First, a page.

Unlike the Spanish conquistadors of old, you’ll find no mammary jokes here when referencing the Twin Peaks of Central San Francisco. We at Spinlister prefer to take the high road. Minimal pun intended.
Second in height only to the nearby Mt. Davidson, the dual summits of Eureka and Noe have long served Bay Area residents as both lookout point and natural sanctuary. Their 922’ height marks a geographic barrier between the foggy western half of the city and sunnier eastern districts like The Mission, and these days the panoramic vistas afforded from Christmas Tree Point have become near-mandatory viewing for visitors to San Francisco.
Aside from the aesthetics, however, a bike ride up Twin Peaks gives local riders a chance to escape the bustle of urban living in the heart of the big city. That’s because these hills play a crucial role in the conservation of the endangered Mission Blue Butterfly, leaving their uppermost 31 acres gloriously undeveloped.
Well, a few transmission towers and a reservoir notwithstanding.
If you’re curiosity is piqued, consider embarking on one of our favorite bike rides in San Francisco that will get you up to the summit and down again in sweaty, scenic style.
GLEN CANYON PARK
Encompassing the westernmost half of the Diamond Heights neighborhood, Glen Canyon Park is easily overlooked in a city with so much natural splendor at its disposal. Which is too bad, considering the fact that this beautiful 70-acre gorge is one of the few remaining places where one can experience the natural majesty of the Bay Area before human development.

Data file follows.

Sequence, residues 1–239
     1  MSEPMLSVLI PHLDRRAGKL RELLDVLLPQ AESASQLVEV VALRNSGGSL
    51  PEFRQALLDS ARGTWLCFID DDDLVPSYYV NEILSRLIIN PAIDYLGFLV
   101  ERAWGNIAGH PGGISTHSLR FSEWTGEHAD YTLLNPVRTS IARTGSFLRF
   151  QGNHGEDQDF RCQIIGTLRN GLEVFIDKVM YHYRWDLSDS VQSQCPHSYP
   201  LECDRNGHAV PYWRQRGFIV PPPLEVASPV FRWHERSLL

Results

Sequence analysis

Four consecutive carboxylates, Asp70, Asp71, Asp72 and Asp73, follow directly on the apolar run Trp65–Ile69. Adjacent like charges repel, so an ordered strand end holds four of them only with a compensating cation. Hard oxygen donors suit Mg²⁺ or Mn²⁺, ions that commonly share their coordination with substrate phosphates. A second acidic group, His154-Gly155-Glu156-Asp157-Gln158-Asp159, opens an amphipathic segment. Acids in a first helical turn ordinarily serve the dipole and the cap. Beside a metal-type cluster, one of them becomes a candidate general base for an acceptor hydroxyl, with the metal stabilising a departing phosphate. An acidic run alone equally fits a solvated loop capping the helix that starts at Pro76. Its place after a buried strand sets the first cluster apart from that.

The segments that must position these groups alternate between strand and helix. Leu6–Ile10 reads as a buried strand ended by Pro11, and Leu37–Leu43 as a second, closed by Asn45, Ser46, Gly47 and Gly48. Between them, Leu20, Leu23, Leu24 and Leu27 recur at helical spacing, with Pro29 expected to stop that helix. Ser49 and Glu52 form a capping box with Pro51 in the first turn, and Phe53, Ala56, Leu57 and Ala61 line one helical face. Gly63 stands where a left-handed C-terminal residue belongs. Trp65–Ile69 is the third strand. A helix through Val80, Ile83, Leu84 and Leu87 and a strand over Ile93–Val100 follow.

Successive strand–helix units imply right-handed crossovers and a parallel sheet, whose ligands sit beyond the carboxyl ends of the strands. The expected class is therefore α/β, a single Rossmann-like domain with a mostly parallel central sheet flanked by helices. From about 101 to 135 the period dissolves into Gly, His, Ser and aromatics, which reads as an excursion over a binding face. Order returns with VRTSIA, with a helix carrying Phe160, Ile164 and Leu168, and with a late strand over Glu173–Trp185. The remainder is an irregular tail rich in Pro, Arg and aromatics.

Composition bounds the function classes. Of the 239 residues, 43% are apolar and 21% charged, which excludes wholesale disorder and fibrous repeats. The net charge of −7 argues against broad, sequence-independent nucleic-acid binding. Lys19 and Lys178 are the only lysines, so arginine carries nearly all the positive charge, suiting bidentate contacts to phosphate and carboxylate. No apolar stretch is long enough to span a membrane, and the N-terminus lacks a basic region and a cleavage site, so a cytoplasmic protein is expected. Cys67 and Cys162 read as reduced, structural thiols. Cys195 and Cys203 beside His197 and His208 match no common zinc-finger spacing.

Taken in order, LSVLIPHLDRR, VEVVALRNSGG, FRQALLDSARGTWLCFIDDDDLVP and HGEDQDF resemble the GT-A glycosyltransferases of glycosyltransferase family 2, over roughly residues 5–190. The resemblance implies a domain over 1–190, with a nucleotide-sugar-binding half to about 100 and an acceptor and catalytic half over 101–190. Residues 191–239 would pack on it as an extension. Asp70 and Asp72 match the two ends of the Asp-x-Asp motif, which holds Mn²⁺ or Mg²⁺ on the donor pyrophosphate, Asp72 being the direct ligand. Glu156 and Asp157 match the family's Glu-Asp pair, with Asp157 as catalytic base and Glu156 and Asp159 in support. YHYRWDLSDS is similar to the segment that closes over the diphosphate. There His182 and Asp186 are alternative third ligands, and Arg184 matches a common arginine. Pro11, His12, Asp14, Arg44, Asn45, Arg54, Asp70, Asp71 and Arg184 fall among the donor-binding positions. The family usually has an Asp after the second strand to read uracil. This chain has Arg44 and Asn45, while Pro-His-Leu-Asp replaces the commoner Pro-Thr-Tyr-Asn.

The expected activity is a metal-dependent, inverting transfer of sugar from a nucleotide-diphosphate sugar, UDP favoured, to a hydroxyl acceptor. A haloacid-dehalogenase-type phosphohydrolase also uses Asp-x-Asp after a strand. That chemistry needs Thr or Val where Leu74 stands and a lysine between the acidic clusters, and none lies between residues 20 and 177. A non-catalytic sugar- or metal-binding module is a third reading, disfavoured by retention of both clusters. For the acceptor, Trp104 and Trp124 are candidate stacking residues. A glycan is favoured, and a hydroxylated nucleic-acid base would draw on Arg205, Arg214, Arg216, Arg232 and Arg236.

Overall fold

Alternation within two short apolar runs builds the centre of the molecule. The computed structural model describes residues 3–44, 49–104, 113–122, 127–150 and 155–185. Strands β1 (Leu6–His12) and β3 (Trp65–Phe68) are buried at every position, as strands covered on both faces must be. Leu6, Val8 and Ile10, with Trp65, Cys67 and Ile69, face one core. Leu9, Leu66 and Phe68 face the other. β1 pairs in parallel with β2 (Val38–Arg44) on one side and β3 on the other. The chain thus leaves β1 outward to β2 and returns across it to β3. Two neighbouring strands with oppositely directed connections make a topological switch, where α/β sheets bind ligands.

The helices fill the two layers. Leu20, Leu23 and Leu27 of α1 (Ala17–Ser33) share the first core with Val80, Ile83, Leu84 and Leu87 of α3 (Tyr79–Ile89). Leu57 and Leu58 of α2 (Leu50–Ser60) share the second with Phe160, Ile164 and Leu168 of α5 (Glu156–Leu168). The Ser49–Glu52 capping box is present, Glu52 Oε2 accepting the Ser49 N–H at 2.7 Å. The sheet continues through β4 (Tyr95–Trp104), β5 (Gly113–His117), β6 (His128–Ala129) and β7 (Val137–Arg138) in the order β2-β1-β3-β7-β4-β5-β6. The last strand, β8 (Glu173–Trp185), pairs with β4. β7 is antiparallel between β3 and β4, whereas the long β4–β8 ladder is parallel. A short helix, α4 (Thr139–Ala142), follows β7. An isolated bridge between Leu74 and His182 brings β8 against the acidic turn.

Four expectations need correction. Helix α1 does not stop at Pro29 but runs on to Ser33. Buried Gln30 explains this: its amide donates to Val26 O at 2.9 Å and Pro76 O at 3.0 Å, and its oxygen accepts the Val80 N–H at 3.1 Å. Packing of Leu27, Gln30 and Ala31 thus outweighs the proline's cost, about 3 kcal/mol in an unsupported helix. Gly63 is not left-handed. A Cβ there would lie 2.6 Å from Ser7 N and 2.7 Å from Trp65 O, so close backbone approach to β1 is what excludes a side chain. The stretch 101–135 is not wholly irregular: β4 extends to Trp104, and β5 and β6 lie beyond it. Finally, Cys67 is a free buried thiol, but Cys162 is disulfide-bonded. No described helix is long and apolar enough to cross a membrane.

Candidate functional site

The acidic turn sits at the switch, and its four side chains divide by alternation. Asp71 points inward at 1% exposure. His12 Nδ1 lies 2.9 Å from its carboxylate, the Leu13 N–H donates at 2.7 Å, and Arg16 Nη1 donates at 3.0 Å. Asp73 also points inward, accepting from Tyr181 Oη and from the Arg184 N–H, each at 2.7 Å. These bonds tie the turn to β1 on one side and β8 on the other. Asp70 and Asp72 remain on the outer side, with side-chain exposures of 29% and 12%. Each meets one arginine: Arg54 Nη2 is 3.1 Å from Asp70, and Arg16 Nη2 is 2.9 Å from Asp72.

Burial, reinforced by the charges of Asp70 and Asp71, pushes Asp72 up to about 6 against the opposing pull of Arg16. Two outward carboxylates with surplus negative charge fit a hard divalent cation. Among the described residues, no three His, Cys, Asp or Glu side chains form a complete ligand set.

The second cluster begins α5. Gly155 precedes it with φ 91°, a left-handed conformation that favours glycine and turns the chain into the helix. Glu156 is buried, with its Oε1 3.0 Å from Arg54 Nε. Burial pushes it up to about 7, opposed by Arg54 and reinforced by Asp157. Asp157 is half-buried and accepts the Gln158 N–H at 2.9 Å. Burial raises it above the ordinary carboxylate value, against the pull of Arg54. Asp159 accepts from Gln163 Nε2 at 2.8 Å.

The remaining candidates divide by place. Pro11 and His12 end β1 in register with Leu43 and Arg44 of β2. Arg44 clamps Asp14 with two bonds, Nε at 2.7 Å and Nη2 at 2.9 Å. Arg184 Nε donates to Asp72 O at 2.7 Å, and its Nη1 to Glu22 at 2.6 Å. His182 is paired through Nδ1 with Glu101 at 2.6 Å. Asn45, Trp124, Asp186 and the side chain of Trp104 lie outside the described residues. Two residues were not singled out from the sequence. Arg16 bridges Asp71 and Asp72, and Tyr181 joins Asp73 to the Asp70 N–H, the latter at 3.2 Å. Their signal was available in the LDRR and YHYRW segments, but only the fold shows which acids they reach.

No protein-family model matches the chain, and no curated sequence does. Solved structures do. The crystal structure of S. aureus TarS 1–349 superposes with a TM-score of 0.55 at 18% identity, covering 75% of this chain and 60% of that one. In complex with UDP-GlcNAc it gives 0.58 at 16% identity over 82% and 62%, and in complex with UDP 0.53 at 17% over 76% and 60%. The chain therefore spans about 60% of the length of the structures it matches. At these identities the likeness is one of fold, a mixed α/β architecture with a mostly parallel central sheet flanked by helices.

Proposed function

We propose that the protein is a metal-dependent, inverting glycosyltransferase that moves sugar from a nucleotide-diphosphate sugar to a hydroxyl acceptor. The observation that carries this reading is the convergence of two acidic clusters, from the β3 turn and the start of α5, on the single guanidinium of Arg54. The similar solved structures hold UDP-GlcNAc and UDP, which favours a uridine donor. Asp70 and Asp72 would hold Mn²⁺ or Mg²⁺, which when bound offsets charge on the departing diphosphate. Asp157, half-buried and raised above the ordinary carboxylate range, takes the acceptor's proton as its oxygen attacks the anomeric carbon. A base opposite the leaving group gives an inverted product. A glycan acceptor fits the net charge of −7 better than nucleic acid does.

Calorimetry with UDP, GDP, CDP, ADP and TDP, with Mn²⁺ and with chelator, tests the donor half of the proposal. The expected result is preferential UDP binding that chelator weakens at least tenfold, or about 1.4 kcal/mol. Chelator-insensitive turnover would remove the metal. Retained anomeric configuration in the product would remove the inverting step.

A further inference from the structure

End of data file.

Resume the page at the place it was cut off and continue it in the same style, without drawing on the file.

Take the paved, multi-use path that runs parallel with O’Shaughnessy Boulevard to get from Glen Canyon’s southernmost limits to the Portola Drive traffic stop. You’ll not only receive a pant-inducing, calf-burning workout, but a full visual tour of the spectacular park below.
Find the Perfect Ride for Cycling the Twin Peaks:
The bulk of Twin Peaks Boulevard has recently been repaved and repainted, making the ride up from the south significantly safer and more enjoyable for cyclists.
You’ll be ascending 230’ in just over a mile, which isn’t nearly the steepest climb in San Francisco but is still more than enough to get your heart pounding. Once you arrive at Christmas Tree Point, you’ll want to take a few minutes to savor the views over the northern half of the city before grabbing the handlebars and cruising down the opposite side.
BUENA VISTA PARK
If you’ve got another brief, steep climb in you, work your way north to Buena Vista Park to experience a tranquil and oft-forgotten lookout point in SF. The views can be partially blocked by foliage, fog, or both, but on clear days it makes for an absolutely stunning end to a short but intense bike ride.
Plus, you’ll finally be able check cycling through the oldest official park in San Francisco off of your bucket list. Cheers to the small victories.